Tag Archives: church

Charles Stanley – A Biblical Pattern for Prayer

 

Matthew 6:9-13

The Lord’s Prayer has been prayed by countless people, but Jesus intended it to be a pattern for praying, not simply a recitation. When we use it as a model and consider what each line represents, our prayers become more meaningful. As you go through this passage from Matthew 6, keep in mind its three parts:

First is an invocation, which honors the Father’s name, kingdom, and will (Matt. 6:9-10). God’s name encompasses all that He is, in the fullness of His attributes. His kingdom involves both His rule over us now and the promise of Christ’s millennial kingdom on earth. The accomplishment of the Father’s will in our individual life and in His plans for the entire world should be our prayerful desire.

Second is a section of petitions (Matt. 6:11-13). These include daily dependence on the Lord for our basic needs, a plea for forgiveness, and a request for His protection from temptations.

Third is a doxology, or praise, of God’s glory (Matt. 6:13). Emphasizing His sovereignty and almighty power over the earth and our personal lives, this closing segment reminds us that He is our Lord and Master.

From the beginning to the end of this prayer, God is the focus. Is He central in your prayers as well?

Bible in One Year: Psalm 39-43

 

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Our Daily Bread — Straight Ahead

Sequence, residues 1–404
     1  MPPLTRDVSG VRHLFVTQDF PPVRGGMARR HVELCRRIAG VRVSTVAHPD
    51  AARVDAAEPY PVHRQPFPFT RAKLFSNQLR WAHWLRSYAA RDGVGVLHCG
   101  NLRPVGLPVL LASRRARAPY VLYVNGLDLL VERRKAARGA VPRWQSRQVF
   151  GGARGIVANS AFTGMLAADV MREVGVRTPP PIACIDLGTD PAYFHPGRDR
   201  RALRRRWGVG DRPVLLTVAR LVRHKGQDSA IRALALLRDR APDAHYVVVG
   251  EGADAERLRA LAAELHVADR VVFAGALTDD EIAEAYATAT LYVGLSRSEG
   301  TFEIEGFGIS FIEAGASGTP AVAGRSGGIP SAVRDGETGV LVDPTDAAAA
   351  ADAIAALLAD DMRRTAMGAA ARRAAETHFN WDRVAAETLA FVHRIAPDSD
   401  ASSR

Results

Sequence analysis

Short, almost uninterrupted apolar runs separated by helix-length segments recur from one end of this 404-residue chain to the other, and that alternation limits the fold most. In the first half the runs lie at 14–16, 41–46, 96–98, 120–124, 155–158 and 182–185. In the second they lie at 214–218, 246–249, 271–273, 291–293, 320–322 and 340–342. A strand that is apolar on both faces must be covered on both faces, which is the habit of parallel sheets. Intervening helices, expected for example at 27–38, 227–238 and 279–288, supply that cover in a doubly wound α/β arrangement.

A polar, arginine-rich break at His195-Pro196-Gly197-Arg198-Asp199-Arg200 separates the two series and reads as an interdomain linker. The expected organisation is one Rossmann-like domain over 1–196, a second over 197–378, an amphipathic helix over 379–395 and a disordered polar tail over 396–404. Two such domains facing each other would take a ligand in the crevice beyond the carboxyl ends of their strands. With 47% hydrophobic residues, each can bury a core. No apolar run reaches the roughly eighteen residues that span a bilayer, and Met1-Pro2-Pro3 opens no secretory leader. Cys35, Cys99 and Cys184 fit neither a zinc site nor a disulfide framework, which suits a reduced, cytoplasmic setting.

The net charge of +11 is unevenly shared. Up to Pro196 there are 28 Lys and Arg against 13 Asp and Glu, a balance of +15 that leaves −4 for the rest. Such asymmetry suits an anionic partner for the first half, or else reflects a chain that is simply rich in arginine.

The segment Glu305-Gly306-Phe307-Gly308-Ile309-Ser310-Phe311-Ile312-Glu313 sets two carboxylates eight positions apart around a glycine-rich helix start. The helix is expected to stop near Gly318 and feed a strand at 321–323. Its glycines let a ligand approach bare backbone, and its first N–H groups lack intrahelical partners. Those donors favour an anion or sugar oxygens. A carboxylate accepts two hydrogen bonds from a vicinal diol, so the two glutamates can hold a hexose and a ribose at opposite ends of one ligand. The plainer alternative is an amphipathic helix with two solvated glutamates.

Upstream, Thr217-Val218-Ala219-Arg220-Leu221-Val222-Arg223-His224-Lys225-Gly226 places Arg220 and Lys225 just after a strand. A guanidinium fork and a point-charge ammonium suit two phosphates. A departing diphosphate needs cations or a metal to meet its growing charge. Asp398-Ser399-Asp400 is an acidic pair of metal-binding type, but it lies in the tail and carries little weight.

Bible in a Year:

He did what was right in the eyes of the Lord . . . , not turning aside to the right or to the left.

2 Kings 22:2

Today’s Scripture & Insight:2 Kings 22:1–2, 8–13

It used to take the steady eye and the firm hand of a farmer to drive a tractor or combine down straight rows. But even the best eyes would overlap rows, and by end of day even the strongest hands would be fatigued. But now there’s autosteer—a GPS-based technology that allows for accuracy to within one inch when planting, cultivating, and spraying. It’s incredibly efficient and hands-free. Just imagine sitting in a mammoth combine and instead of gripping the wheel, you’re gripping a roast beef sandwich. An amazing tool to keep you moving straight ahead.

You may recall the name Josiah. He was crowned king when he was only “eight years old” (2 Kings 22:1). Years later, in his mid-twenties, Hilkiah the high priest found “the Book of the Law” in the temple (v. 8). It was then read to the young king, who tore his robes in sorrow due to his ancestors’ disobedience to God. Josiah set about to do what was “right in the eyes of the Lord” (v. 2). The book became a tool to steer the people so there would be no turning to the right or left. God’s instructions were there to set things straight.

Allowing the Scriptures to guide us day by day keeps our lives in line with knowing God and His will. The Bible is an amazing tool that, if followed, keeps us moving straight ahead.

By:  John Blase

 

 

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Joyce Meyer – A Deeper Level of Prayer

 

. . . Not My will, but [always] Yours be done. — Luke 22:42 (AMPC)

Adapted from the resource The Power of Being Thankful – by Joyce Meyer

Asking God for what we need and want in the natural realm is definitely not wrong, but we shouldn’t have our main focus on those things. God’s Word says that He knows what we need before we ask Him (see Matthew 6:8), so all we need to do is let Him know that we’re trusting Him to take care of everything that concerns us.